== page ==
National Bank Economic and Financial Outlook – Summer 2007: Emerging Asia drives global economy and fuels surge in the loonie

Montreal, 20 June 2007 - 

National Bank’s team of economists today unveiled their economic and financial outlook for 2007 and 2008.

As a result of rapid industrialization in emerging Asian countries, such as China and India with their 2.3 billion inhabitants, the global economy should post positive GDP growth of around 5% for the fourth straight year, its best run in over 30 years. For once, growth will not be driven by the American economy, which will account for barely 10% of the global increase. National Bank’s economists believe that with mortgage rates rising, home prices falling and gasoline prices at record levels, the purchasing power of American households is currently in decline. This, combined with a glut of unsold houses, should be mirrored in modest U.S. economic growth in 2007 and 2008 of 2% to 2.5%, which is below the economy’s long-term potential.

According to Clément Gignac, Chief Economist of National Bank and Senior Vice-President and Strategist at National Bank Financial, the Canadian economy, benefiting from improved terms of trade and the strongest public finances in the G7, will remain on a solid footing until the end of the decade.  In fact, with GDP set to increase by close to 3% during the coming year, Canada is expected to top the G7 countries in economic growth in 2008.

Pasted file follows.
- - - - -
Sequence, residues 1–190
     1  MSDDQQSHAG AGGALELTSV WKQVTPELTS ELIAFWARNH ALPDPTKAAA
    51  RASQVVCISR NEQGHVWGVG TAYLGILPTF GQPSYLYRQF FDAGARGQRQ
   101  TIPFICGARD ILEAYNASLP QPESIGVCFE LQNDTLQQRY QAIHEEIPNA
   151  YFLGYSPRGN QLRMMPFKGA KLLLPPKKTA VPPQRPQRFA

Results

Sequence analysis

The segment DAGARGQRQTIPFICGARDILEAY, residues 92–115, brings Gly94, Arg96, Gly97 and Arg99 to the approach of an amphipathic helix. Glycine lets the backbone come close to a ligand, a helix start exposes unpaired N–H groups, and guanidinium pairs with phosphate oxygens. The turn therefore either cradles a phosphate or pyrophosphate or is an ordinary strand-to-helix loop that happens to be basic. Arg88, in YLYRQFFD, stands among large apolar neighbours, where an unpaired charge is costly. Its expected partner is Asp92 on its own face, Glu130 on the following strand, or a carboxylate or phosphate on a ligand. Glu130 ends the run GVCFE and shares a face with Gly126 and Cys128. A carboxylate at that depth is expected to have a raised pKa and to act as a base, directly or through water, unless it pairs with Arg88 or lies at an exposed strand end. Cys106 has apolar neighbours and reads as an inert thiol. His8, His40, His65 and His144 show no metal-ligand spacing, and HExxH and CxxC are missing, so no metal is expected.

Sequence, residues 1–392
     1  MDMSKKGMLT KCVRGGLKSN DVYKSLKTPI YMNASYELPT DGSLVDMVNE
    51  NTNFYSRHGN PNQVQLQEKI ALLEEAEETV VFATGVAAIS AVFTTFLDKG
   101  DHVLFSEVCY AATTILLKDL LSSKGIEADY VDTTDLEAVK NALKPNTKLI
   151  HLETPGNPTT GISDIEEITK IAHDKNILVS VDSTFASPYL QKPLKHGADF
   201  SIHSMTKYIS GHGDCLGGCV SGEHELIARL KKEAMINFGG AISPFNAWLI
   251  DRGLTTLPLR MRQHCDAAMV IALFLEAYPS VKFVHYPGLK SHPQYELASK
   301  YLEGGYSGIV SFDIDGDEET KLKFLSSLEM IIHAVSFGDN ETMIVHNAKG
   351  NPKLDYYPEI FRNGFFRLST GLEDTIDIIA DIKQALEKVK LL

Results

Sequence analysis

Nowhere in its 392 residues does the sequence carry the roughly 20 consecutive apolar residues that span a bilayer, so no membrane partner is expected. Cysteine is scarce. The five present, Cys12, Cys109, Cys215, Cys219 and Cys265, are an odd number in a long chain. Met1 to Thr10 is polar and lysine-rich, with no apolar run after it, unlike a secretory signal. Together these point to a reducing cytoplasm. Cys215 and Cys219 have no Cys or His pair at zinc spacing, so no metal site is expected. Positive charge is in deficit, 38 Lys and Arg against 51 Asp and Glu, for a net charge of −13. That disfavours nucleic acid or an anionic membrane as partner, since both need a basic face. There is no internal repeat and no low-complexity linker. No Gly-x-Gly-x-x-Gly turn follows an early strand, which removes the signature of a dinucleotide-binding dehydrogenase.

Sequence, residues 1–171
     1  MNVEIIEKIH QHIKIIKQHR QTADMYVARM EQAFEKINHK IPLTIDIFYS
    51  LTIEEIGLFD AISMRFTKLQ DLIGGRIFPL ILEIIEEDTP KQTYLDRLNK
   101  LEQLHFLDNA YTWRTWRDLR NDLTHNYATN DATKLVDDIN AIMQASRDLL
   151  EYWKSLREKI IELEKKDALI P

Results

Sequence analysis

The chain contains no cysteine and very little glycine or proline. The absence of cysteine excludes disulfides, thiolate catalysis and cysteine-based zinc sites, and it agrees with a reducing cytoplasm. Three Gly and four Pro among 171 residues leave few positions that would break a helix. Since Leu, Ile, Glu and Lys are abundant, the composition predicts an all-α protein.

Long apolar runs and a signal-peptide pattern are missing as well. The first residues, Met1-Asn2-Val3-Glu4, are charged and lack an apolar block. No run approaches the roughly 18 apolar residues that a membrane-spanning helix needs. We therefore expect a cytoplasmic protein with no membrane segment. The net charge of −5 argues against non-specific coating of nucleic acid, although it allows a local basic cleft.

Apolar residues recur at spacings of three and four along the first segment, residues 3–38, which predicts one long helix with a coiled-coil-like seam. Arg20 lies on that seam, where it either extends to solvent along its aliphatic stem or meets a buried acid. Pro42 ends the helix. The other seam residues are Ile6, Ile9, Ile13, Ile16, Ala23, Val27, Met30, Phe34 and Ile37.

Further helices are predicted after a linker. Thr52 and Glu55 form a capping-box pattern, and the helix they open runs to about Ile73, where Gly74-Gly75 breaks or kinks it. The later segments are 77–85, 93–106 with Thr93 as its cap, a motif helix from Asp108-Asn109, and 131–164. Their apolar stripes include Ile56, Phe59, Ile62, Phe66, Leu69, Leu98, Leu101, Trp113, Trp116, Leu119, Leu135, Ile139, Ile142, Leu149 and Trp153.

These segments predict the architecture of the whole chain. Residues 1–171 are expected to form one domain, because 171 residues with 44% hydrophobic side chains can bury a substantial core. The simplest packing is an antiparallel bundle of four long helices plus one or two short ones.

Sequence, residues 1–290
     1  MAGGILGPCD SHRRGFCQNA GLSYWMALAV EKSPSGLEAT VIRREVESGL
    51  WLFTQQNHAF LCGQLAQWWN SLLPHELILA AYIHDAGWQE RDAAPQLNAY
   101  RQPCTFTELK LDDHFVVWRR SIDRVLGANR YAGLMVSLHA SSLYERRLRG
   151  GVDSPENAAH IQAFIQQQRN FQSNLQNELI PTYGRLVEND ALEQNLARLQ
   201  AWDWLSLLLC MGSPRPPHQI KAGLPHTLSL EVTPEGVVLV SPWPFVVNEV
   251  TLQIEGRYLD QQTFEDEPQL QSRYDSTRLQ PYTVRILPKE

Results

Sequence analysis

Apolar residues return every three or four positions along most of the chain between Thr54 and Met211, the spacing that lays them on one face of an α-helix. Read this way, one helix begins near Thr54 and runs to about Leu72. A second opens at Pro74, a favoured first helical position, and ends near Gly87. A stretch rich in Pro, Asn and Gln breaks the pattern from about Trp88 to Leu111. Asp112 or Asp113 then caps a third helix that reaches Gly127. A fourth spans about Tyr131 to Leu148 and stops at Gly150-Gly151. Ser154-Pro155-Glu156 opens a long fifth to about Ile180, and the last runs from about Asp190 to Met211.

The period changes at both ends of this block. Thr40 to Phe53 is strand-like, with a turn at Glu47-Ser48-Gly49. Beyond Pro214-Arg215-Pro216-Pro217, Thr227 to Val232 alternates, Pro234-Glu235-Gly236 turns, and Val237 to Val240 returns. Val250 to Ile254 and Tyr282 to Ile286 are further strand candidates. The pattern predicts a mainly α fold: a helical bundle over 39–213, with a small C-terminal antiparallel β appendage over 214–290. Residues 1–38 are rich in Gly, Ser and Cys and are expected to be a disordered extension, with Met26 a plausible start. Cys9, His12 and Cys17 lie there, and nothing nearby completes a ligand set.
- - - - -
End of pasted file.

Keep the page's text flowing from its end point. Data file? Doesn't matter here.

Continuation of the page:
Reflecting the relative strength of the Canadian economy and its excellent fundamentals, the loonie has continued its ascent since the beginning of 2007 and, in a new development, has gained value against all major western currencies. According to Mr. Gignac, who a year ago was one of the first economists in the country to predict that the Canadian dollar would likely reach parity during 2008, this rise in Canadians’ standard of living should continue as long as emerging Asian countries maintain their demand for our raw materials and agricultural products. At the same time, the country should keep on posting a substantial trade surplus despite the headwinds from the high-flying loonie that will likely continue to dominate the manufacturing sector.

As a result, regional economic disparities will persist. The western provinces, which are well-off in natural resources, will remain the drivers of  economic growth, while Ontario and Quebec will experience yet another year of moderate economic growth, which is not expected to exceed 2%.

With respect to interest rates, the Bank of Canada is soon expected to increase its key rate in response to, among other things, pressures on prices and salaries in the western provinces. Altogether, the rate should climb no more than 50 to 75 basis points in the next 12 months, given the restrictive effects of the rising Canadian dollar. The increase in mortgage rates should be more modest and vary depending on the term, insofar as most lenders have already raised these rates in the last few weeks in reaction to a corresponding rise in bond rates.